Seminar Care Practices and collectives
But how a new mythology is itself to
arise, which shall be the creation, not of
some individual author, but of a new
race, personifying, as it were, one single
poet — that is a problem whose solution
can be looked for only in the future
destinies of the world, and in the course
of history to come.
Friedrich Wilhelm Schelling,
The Modern Construction of Myth
It is important we locate the issue of care within a political landscape — a landscape we could describe as a crisis, for it is imposed on us. And we could join others in saying that “crisis” is nothing other than a mode of governing. Governing through fear, through a subjective putting into tension, through the determination of constantly destabilised social identities — these are the new forms of governance.
The imperious injunction to adapt to instability seems to be the mode of subjectification fostered by governing institutions, on a countrywide level, with the institutionalisation of precarity or emergency laws that reveal the police State in its full glory. And also on the individual level, in the way life becomes an anxious task of prospecting. In such a framework, the only grounds for community is the shared experience of fear and insecurity.
Yet we also know that the word “crisis” is etymologically linked to the idea of decision-making. Let’s say the “crisis” we are experiencing announces new, unexpected directions, that is, new paths for emancipation. And we are, indeed, a growing number who want just this and who are acting in consequence, be it by occupying city squares, by “flooding” the streets to protest, or by experimenting with new forms of cooperation, or all of these actions at once.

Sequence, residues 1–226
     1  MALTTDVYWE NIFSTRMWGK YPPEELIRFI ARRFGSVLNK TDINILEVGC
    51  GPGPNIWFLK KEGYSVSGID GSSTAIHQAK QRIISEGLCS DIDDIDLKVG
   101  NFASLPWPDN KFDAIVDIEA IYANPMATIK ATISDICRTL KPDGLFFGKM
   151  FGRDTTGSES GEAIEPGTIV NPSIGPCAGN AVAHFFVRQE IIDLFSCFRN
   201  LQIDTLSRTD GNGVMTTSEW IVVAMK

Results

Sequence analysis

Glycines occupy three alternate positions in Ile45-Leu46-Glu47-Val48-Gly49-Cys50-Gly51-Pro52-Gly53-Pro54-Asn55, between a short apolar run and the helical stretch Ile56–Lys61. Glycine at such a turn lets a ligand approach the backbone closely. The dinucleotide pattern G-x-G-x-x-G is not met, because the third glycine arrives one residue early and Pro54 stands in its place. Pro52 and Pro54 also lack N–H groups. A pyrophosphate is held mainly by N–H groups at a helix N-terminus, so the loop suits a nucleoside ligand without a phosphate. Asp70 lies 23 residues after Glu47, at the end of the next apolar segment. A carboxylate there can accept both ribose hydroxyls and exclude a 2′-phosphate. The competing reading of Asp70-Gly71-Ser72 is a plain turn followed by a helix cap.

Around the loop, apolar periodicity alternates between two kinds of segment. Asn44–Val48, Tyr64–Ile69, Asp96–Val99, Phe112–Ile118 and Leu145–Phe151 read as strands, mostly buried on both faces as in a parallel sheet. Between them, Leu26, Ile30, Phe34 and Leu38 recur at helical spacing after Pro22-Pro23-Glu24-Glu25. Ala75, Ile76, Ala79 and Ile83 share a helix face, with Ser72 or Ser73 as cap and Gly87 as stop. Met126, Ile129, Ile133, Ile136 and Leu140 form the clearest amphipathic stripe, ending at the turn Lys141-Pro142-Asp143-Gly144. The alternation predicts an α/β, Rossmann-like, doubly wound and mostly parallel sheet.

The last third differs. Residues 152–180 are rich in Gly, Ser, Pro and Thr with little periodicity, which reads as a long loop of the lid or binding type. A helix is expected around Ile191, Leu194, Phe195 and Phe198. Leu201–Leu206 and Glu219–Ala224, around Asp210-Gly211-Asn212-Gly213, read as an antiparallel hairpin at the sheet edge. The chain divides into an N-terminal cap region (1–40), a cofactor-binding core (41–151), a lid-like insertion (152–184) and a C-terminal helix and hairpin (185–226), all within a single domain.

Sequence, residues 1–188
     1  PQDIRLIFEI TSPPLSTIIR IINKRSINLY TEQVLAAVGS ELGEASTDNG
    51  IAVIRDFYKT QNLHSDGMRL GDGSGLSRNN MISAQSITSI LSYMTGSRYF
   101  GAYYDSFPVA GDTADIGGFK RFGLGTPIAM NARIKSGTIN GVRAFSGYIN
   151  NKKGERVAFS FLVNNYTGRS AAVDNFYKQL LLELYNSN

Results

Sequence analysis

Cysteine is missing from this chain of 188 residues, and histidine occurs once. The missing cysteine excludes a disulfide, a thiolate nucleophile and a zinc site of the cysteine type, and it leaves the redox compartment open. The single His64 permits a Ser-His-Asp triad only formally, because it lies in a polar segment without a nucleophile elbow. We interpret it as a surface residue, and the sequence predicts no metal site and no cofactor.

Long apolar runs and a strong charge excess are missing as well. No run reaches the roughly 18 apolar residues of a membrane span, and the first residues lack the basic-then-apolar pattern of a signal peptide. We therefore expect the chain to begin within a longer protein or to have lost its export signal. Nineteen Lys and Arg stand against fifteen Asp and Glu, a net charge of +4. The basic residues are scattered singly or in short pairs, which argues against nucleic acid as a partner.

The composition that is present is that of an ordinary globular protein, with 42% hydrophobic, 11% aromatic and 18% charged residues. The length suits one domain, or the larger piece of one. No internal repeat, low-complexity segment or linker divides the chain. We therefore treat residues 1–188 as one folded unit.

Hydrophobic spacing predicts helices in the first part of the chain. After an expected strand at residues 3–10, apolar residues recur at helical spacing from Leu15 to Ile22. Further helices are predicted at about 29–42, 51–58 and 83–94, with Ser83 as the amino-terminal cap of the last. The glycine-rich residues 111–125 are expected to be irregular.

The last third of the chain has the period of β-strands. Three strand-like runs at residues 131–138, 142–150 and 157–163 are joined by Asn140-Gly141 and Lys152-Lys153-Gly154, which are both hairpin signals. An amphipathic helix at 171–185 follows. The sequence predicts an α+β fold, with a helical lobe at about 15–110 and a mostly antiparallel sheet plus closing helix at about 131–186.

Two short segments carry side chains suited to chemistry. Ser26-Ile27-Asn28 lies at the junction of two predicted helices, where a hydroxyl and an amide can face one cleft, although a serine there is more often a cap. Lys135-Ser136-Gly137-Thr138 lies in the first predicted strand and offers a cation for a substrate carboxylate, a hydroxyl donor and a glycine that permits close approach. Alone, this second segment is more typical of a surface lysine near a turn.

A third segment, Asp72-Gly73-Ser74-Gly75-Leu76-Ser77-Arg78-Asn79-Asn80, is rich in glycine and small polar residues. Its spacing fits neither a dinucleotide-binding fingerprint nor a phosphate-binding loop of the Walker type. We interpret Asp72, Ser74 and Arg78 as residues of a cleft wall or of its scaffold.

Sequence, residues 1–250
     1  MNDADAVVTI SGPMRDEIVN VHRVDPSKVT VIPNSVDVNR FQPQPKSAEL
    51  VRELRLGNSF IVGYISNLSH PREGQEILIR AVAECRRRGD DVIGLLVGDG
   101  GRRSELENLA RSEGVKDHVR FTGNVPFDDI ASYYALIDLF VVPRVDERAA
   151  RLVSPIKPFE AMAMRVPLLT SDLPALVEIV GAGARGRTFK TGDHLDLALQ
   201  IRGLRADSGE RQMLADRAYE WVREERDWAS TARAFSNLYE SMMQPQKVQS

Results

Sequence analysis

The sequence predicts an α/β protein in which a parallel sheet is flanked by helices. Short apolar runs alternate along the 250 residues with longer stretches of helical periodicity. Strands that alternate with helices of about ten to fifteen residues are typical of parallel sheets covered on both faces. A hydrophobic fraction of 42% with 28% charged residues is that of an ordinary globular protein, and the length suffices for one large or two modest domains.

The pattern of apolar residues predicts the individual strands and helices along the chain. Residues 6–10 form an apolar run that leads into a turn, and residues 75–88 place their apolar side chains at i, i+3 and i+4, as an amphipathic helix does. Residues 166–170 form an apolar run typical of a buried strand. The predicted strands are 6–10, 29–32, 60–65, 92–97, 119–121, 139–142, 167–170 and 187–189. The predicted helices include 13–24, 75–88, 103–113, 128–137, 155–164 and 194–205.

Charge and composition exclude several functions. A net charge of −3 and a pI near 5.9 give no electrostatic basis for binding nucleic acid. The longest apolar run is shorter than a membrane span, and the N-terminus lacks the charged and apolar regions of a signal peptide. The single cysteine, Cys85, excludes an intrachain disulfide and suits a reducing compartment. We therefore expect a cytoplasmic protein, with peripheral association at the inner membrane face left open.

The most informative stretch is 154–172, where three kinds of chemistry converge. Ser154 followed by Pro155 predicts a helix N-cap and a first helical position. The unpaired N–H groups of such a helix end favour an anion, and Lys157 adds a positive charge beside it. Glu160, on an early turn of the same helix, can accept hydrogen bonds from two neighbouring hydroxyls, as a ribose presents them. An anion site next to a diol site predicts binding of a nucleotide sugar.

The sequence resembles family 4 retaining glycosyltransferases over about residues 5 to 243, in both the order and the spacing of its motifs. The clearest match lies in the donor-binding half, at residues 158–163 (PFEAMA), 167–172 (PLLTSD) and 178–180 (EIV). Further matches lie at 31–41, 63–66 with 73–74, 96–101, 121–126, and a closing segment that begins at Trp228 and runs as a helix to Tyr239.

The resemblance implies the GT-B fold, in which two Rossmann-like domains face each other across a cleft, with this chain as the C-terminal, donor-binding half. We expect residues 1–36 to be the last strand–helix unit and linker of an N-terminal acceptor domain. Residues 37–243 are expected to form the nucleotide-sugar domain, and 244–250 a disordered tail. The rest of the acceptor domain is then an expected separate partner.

There is no longer any doubt that the very illegitimacy of those who claim to govern us and their institutions radically increases the possibility of cultivating the arts as a means of opposing governance. We can oppose the logic of integration (be it by market institutions — the institution of the salary and the demented production of value that destroys the plurality of our living environments — or by state institutions that construct standardised life-paths and identities) through the fragmentation of new forms of “communality”. We can oppose the management of the population as an administered totality through the construction of singular communities. We can oppose the delegating of our instituted needs by a microphysics of power through attentiveness towards the singularisation of our collective life.